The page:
• Thanks Arun! I’m using a version of the Sahifa theme which I’ve heavily modified. Don’t have time to make themes completely from scratch anymore! =(

  46. I want to start start a wiki. I was running one for my fellow residents but unfortunately the host is shutting down the service. To avoid this happening again I wanted to actually go about hosting the service page myself. Any suggestions on how to go about signing up for a domain, getting a server, running wikimedia on it, etc? Inexpensive at this time is a plus.

    • Hey Gabe! What kind of traffic volume was the Wiki receiving? If you look into any of the large shared hosting companies (iPage, Bluehost, Hostgator, Justhost, etc.), all of them offer some form of easy installation for a Wiki page. They all also offer domain name registration too, so you can get your domain and hosting through the same company. Personally, I’ve been using Bluehost for the last 5+ years without many issues (but it comes at a price of about $10 per month).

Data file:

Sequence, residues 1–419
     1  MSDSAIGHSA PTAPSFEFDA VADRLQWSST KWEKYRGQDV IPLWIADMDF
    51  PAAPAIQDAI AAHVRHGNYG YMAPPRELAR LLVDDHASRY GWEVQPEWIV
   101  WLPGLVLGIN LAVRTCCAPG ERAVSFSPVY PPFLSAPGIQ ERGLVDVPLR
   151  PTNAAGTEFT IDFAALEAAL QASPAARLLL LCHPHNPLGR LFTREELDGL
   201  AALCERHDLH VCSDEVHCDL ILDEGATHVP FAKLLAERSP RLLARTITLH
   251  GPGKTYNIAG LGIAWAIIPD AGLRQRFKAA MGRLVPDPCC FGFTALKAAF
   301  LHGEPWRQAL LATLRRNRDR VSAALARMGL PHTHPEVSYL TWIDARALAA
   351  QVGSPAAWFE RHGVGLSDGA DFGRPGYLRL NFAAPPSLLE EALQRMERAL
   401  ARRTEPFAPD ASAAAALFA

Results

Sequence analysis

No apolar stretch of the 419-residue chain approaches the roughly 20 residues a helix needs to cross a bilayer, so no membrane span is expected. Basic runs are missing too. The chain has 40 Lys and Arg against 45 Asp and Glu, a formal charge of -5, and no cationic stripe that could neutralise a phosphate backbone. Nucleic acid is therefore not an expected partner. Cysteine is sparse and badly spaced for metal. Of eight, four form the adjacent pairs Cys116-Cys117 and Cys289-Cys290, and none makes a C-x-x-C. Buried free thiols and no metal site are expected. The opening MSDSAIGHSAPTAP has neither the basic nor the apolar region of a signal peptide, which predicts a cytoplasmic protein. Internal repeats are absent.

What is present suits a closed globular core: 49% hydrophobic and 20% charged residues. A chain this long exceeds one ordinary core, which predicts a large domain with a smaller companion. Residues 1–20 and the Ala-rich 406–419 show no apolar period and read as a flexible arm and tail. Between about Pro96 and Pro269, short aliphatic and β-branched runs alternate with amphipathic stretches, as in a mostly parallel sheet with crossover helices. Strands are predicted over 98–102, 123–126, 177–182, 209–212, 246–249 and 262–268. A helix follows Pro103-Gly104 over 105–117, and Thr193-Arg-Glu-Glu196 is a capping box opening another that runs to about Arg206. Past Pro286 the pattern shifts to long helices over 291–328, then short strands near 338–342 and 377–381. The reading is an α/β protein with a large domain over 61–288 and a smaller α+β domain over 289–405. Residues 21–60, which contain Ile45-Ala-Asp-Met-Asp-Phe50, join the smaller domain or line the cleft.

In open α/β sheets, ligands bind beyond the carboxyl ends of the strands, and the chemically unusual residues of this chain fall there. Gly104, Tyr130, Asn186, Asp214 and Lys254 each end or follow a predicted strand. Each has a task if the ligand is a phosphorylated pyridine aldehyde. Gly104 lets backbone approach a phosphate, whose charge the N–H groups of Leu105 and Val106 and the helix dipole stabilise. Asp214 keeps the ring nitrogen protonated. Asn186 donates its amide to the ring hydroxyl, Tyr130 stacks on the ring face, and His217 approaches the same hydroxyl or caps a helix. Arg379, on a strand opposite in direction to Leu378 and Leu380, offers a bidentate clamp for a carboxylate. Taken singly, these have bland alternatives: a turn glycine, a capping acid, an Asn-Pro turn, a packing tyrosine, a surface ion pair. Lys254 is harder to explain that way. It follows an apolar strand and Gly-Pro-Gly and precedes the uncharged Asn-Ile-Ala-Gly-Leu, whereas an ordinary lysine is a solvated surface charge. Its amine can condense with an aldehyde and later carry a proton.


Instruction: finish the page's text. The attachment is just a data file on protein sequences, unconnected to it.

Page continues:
I’d be more than happy to help you get the site on its feet – send me more information using the contact form (click “Contact” in the navigation bar).

    • Great question, Jin! I honestly didn’t directly include it, but I talked about my interests which have stemmed from blogging and web development (namely programming). I know some people include their domains on their official CVs (which I do too), but I excluded it from my AMCAS/TMDSAS.

      Interestingly enough, some of my interviewers had “found” me online prior to my interview. It was a great way to break the ice and open up discussion.

        • The concept of intellectual, social-media based conversation. I was blogging before Facebook and Twitter, so that interest just carried over to other platforms. I’ve connected with countless other people in and out of healthcare discussing topics ranging from med school admissions and politics to abortion and the death penalty. Bouncing ideas off each other is always a great thing. =)

  47. Hello Rishi,